Irrigate peatland (without planting)

How is the evidence assessed?
  • Effectiveness
  • Certainty
  • Harms

Study locations

Key messages

  • Two studies evaluated the effects of irrigation (without planting) on peatland vegetation. One study was in a bog and one was in a fen.
  • Vegetation cover (2 studies): One replicated, paired, controlled, before-and-after study in a bog in Canada found that irrigation increased the number of Sphagnum moss shoots present after one growing season, but had no effect after two. One before-and-after study in Germany reported that an irrigated fen was colonized by wetland- and fen-characteristic herbs, whilst cover of dryland grasses decreased.

About key messages

Key messages provide a descriptive index to studies we have found that test this intervention.

Studies are not directly comparable or of equal value. When making decisions based on this evidence, you should consider factors such as study size, study design, reported metrics and relevance of the study to your situation, rather than simply counting the number of studies that support a particular interpretation.

Supporting evidence from individual studies

  1. A replicated, paired, controlled, before-and-after study in 1993–1994 in a historically mined bog in Quebec, Canada (Rochefort & Bastien 1998) found that irrigated plots contained more Sphagnum moss shoots than unirrigated plots after one growing season, but a similar number of Sphagnum shoots after two. After one growing season there were more Sphagnum shoots in irrigated plots (210 shoots/m2) than plots that were not irrigated (75 shoots/m2). However, after two growing seasons the number of moss shoots did not significantly differ between treatments (irrigated: 80; not irrigated: 50 shoots/m2). In spring 1993, three pairs of plots were established on slightly drained, bare peat. Three plots (one plot/pair) were irrigated during the summer, using sprinklers and water stored on the bog. The other plots were not irrigated. In autumn 1993 and 1994, all Sphagnum shoots were counted in forty 30 x 30 cm quadrats/plot.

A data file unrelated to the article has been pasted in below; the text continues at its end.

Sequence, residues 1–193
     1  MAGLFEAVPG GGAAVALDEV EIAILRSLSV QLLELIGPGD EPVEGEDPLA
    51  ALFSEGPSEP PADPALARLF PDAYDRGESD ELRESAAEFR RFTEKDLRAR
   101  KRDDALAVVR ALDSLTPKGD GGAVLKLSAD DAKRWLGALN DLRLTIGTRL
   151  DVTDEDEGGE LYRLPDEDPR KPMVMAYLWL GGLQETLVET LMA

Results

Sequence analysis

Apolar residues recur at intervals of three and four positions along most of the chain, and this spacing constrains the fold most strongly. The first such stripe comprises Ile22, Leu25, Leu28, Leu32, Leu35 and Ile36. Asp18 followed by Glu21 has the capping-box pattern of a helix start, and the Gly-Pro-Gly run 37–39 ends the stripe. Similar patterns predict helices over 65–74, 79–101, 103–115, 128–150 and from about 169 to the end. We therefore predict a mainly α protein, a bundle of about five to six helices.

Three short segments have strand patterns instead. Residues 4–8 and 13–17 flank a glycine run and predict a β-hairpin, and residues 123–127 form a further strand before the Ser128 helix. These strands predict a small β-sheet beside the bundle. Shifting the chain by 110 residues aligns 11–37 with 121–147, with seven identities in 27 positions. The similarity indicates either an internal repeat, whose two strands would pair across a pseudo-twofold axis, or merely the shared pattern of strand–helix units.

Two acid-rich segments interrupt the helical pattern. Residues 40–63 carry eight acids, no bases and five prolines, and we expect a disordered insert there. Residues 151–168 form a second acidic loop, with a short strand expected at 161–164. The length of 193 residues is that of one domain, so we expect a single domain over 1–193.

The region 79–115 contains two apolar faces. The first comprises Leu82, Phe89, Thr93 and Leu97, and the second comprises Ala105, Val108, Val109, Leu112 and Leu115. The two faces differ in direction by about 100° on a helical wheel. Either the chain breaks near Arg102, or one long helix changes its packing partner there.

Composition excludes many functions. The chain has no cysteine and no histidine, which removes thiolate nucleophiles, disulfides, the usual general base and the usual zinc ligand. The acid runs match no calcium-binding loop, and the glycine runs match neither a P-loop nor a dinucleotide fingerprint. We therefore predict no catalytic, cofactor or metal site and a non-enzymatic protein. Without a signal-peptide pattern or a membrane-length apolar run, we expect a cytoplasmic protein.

Study and other actions tested
  2. A before-and-after study in 1996–1998 in a degraded fen in Germany (Richert et al. 2000) reported that irrigated plots developed cover of wetland- and fen-characteristic herbs at the expense of dry grassland species. All data were reported as graphical analyses and the results were not tested for statistical significance. Over two years of irrigation, cover of fen-characteristic forbs increased. The same was true for cover of wetland-characteristic species like cattail Typha latifolia and common rush Juncus effusus. Meanwhile, cover of dry grassland species such as tall fescue Festuca arundinacea decreased. No colonisation by sedges Carex spp. or common reed Phragmites australis was observed. Within the irrigated fen, plant communities differed between drier areas (high water table but never flooded) and wetter areas (sometimes flooded). In 1996, the surface of a drained fen was irrigated with lake water. Vegetation cover was recorded before irrigation (1996) and after one or two years or irrigation (1997, 1998) in four representative 16 m2 plots.

    Study and other actions tested
Please cite as:

Taylor, N.G., Grillas, P. & Sutherland, W.J. (2020) Peatland Conservation. Pages 367-430 in: W.J. Sutherland, L.V. Dicks, S.O. Petrovan & R.K. Smith (eds) What Works in Conservation 2020. Open Book Publishers, Cambridge, UK.

Where has this evidence come from?

List of journals searched by synopsis

All the journals searched for all synopses

Peatland Conservation

This Action forms part of the Action Synopsis:

Peatland Conservation
Peatland Conservation

Peatland Conservation - Published 2018

Peatland Conservation

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What Works in Conservation provides expert assessments of the effectiveness of actions, based on summarised evidence, in synopses. Subjects covered so far include amphibians, birds, mammals, forests, peatland and control of freshwater invasive species. More are in progress.

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